It’s hard to imagine a world without social media. We spend our days tweeting, sharing, posting and following the happenings of not only family and friends, but celebrities and politicians. Platforms such as Twitter, Instagram and Facebook have simultaneously brought the world closer together and split us further apart, exposing — as recently demonstrated by the U.S Capitol riots — deep political and cultural divisions.
None of this is the concern of children, many of whom just want a TikTok or Snapchat account to share funny videos and photos with their friends. Despite all major social media platforms having a minimum sign up age of 13, many children younger than this spend hours a day scrolling on their phones and tablets.
This, understandably, has parents worried and predisposed to introducing internet safety rules to protect the safety and privacy of their children. Are social media websites safe for kids? And how can parents balance safeguarding the privacy of their children without reducing opportunities for them to interact with friends?
It’s a tricky conundrum to be sure and well worth tossing up the pros and cons before making a decision.
Social media for kids — the pros
Access to information: Social media is a fantastic way to develop new skills and discover information that can encourage a love of learning.
Sparks creativity: TikTok is full of singing, dancing and lip syncing videos which can inspire your kids to advance their musical talents. Platforms such as YouTube can also allow them to access videos which can teach other craft skills including drawing, painting, photography and creative writing.
Sense of belonging to a community: Social media brings people together and can encourage your children to reach out and form strong friendships with their peers.
Social media for kids — the cons
Health concerns: Overuse of social media by kids can hamper their sight, sleeping patterns, physical and mental health.
Psychological influence: Excessive use of social media can expose kids to the ‘perfect’ (fake) lifestyle of social media influencers. Kids start comparing themselves with these social media influencers, which may lead to psychological issues including poor body image and an inferiority complex.
Addiction: Social media can be very addictive, particularly for children who don’t necessarily understand the repercussions of spending hours a day scrolling on a screen. Children should have a good balance between sedentary and active behaviours; this can be difficult to achieve with social media thrown into the mix.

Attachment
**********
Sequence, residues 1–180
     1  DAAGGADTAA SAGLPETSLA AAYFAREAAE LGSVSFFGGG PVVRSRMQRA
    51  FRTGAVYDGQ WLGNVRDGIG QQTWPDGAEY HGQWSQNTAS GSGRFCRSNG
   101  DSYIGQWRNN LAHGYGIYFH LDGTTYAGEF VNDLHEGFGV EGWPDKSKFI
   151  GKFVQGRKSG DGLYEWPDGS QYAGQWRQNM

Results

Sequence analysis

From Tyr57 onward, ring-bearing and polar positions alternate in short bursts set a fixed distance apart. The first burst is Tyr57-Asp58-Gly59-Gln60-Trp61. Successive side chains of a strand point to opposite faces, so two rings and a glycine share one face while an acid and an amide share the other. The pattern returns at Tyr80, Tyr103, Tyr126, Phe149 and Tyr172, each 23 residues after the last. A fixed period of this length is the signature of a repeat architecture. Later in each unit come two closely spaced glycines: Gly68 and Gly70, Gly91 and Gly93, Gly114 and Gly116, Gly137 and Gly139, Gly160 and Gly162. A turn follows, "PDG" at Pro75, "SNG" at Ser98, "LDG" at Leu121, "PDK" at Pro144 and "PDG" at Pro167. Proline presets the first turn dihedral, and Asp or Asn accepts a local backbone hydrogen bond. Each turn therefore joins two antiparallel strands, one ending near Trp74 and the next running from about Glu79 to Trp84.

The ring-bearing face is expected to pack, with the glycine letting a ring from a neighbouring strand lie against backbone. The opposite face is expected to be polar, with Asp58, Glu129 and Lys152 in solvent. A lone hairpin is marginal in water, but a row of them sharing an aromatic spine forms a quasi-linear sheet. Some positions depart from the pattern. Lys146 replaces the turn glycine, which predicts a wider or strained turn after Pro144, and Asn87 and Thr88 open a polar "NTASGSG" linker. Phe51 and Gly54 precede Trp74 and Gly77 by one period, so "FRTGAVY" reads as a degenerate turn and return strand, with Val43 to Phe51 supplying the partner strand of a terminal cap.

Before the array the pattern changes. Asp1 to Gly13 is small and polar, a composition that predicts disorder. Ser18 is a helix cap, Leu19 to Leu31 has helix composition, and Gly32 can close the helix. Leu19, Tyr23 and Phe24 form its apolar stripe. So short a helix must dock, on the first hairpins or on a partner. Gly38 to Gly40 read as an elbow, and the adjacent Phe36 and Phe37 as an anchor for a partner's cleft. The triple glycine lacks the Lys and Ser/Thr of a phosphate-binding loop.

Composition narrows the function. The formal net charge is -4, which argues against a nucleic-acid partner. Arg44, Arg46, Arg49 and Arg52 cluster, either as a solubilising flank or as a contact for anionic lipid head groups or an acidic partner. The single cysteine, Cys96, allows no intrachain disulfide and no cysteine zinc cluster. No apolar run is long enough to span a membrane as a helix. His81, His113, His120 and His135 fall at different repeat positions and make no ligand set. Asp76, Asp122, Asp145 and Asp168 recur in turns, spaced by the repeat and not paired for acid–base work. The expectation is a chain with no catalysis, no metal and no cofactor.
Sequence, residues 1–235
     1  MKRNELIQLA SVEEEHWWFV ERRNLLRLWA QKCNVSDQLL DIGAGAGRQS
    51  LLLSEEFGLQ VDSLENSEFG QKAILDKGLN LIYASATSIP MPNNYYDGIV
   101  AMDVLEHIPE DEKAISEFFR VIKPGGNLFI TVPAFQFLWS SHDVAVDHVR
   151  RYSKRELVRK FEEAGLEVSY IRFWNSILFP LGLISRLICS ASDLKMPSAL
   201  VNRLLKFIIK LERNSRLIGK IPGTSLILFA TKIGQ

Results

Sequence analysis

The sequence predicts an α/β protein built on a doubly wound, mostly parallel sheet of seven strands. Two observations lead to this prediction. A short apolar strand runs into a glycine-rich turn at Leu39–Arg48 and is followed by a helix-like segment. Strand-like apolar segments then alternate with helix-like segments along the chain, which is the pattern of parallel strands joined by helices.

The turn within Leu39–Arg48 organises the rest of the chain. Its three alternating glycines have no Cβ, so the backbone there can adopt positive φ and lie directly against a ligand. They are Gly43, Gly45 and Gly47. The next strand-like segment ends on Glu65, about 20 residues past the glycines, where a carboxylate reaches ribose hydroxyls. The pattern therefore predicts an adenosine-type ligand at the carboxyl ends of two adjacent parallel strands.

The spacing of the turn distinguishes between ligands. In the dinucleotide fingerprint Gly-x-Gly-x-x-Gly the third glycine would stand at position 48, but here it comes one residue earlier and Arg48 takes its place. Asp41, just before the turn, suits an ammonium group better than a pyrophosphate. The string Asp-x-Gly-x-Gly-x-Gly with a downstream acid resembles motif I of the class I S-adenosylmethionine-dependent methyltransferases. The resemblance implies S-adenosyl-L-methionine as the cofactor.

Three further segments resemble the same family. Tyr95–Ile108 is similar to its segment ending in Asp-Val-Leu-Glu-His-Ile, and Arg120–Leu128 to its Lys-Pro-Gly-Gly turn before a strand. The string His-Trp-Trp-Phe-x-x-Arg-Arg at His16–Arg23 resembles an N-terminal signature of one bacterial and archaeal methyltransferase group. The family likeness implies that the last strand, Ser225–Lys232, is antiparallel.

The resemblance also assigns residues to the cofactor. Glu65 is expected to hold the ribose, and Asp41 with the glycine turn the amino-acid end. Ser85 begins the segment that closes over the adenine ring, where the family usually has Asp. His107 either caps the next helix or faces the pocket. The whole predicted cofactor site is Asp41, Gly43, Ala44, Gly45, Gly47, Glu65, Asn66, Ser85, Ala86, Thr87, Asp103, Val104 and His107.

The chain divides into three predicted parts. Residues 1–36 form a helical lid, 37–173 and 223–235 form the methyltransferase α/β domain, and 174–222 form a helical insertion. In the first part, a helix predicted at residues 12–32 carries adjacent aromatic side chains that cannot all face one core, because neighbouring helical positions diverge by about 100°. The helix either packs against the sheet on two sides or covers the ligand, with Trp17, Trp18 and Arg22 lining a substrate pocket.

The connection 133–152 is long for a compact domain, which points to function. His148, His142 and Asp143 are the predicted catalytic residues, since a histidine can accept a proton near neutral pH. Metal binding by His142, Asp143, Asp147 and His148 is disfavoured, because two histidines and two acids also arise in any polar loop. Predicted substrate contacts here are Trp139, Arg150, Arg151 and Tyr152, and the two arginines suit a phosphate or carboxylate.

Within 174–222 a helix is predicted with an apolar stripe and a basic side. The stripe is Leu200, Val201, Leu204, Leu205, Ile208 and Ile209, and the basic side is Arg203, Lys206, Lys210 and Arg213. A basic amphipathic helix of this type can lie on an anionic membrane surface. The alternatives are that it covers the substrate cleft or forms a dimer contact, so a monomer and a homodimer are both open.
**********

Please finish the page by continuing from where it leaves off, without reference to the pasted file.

Stranger danger: Even with proper parental guidance, being on social media can expose kids to strangers with predatory intentions. Children often don’t understand that the person behind the screen may not be who they claim to be, which can lead them to share personal information that puts them in real-world danger.
Exposure to inappropriate content: Social media platforms may be getting better at monitoring for explicit content and hate speech but that doesn’t mean that your children are not at risk of viewing photos, videos and written information that is not appropriate for their age group.
Advice for parents
As a parent, it can be challenging to deny your child from using social media, particularly if their friends are all connected and chatting online. Despite this, it is always a good idea to set some boundaries.
Follow these internet safety rules to achieve a safe balance between online independence and cyber safety.
- Teaching your child about the dangers of social media is a better approach than simply denying them access.
- Permitting kids to use social media for a limited amount of time per day will encourage balance between their online activities and the real world.
- Make all accounts private so that only approved followers can access your child’s information.
- Switch off the notification option for all their accounts, so they are not constantly checking for new updates.
- Limit your own time spent on social media to set a positive example.
- Establish quality family time that is screen free and encourages your child to escape the confines of the virtual world.
Cyber safety for kids is an area of on-going concern for parents, educators and cyber safety officials — and with good reason. There are many dangers in the online world that can expose your children to serious, real-world consequences. Be open with your children regarding your concerns and discuss how you can work together to protect them whilst granting an appropriate level of online autonomy.
Bridget is a writer and editor, currently living in Melbourne. She is a copywriter for Newpath Web and loves working with words of all shapes and sizes. When not playing around with punctuation and grammar, she enjoys traveling and curating her Spotify playlists.